Re­stored Pop­u­lar is a two-tone stun­ner.

Classic Ford - - CONTENTS -

Tim Bor­rett hadn’t been look­ing to buy a re­stor­able 100E, but this 1961 Deluxe came along at the right time. “A Side­valve club mem­ber was sell­ing it in 2016,” Tim re­calls. “He’d bought it off some­one who’d got it from the orig­i­nal owner. The car sat in a garage un­used be­tween 1973 and 2014. The seller had done most of the work re­quired un­der­neath and primered the body. He de­scribed it as ‘just need­ing paint to fin­ish.’”

He was largely cor­rect, but Tim pre­vi­ously worked as a car body­work and paint man. “Ev­ery­one has dif­fer­ent ways of see­ing things,” ad­mits Tim, “I’m a per­fec­tion­ist con­cern­ing body­work; I look closely at all panel gaps, joins, welds and align­ment. Plus the car had rust pit­ting through the primer and I couldn’t al­low my­self to paint over that. I had to strip it back to bare metal.”

The 100E is Tim’s first restora­tion and was com­pleted in a tiny garage. “I had to run an ex­ten­sion lead over from my house; I did vir­tu­ally ev­ery­thing on the body with a drill at­tach­ment and a sander. I started on the near­side front wing do­ing one panel at time — strip­ping paint, re­mov­ing all the rust, then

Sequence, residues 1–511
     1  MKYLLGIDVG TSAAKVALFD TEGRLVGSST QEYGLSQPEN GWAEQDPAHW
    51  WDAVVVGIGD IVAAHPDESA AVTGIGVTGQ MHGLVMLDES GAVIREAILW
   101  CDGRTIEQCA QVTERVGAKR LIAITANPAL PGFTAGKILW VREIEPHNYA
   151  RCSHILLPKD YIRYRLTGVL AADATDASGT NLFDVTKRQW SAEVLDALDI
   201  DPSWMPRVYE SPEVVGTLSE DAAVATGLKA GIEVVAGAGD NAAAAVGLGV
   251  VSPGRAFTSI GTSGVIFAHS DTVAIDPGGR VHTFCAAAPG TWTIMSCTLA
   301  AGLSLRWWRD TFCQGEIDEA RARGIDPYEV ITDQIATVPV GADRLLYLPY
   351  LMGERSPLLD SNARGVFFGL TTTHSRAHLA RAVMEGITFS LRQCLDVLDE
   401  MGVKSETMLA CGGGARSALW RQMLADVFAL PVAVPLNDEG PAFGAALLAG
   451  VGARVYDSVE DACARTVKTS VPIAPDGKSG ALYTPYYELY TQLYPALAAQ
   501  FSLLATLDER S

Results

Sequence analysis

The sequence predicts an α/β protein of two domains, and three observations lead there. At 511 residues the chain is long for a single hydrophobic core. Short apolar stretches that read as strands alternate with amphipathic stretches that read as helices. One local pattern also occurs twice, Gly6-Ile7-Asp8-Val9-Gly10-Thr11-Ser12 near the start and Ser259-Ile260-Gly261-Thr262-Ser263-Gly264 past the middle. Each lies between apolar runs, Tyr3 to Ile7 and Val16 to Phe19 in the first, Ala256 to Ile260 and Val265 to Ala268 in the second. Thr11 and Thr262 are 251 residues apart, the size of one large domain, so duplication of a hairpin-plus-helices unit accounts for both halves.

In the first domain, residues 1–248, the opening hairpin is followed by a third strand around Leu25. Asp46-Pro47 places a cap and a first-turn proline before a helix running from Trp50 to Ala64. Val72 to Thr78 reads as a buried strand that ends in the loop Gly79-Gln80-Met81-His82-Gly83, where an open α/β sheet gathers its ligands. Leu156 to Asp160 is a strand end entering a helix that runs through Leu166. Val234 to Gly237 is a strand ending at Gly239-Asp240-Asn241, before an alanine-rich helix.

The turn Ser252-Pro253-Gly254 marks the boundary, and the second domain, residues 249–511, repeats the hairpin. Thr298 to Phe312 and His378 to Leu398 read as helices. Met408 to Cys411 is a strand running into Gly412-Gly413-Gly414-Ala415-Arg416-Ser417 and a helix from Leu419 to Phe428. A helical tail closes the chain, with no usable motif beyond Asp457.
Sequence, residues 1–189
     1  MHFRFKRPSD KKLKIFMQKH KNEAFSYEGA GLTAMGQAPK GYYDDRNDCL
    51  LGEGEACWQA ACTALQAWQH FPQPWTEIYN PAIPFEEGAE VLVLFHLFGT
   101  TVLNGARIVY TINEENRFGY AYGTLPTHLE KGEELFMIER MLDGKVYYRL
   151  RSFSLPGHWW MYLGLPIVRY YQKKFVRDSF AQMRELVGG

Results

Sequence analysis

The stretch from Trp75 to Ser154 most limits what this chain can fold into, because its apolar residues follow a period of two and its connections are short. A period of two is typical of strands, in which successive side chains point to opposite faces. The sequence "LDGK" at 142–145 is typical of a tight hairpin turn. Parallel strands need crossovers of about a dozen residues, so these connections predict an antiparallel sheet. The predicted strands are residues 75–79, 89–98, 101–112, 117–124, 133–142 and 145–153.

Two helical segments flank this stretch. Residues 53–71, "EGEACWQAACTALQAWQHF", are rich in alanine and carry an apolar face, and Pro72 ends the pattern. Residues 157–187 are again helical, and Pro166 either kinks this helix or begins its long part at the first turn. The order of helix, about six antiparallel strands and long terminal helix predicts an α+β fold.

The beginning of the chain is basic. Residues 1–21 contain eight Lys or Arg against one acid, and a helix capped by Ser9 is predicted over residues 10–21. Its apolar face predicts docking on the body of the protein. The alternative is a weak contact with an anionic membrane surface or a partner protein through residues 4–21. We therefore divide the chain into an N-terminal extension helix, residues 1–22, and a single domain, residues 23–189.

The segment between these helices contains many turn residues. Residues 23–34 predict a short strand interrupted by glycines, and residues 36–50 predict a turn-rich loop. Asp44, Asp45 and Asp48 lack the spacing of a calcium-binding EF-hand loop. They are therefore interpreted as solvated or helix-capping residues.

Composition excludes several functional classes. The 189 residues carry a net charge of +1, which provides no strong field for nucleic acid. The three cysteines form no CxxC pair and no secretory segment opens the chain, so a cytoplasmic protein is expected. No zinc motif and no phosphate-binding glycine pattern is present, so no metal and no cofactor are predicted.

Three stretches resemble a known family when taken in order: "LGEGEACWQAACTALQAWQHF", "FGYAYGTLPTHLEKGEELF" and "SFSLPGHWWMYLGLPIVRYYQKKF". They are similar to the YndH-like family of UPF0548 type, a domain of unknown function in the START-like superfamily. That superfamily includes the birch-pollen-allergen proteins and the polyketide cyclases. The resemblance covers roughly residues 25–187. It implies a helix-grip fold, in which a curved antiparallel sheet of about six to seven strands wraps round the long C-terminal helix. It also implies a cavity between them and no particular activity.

primer­ing. I don’t re­ally trust liq­uid paint strip­pers; the only way to get the metal clean is to acid dip the en­tire body. But the floor had al­ready been re­paired and un­der­sealed, all the wiring and in­te­rior was in place — I didn’t want to pull all that out and then redo it. I needed all the rust off, so I wire­brushed the pan­els back to bare metal, I also used a small sand­blaster.”

Both front wings had pre­vi­ous fi­bre­glassed re­pairs, which Tim cut out and re­placed with metal. “I bought re­pair pan­els for the lower rear cor­ners and spent quite a while mak­ing them fit cor­rectly. There were a cou­ple of small holes to plate over, too. Af­ter do­ing the same to the bon­net, which had rust pits top and bot­tom, I stripped and primered the doors. They were solid, but it took a day to get through the orig­i­nal paint down to the fac­tory primer. I had to re­place the both outer sills — the in­ner ones were ex­cel­lent — then spent two days per side get­ting a per­fect sill-to-wing gap.”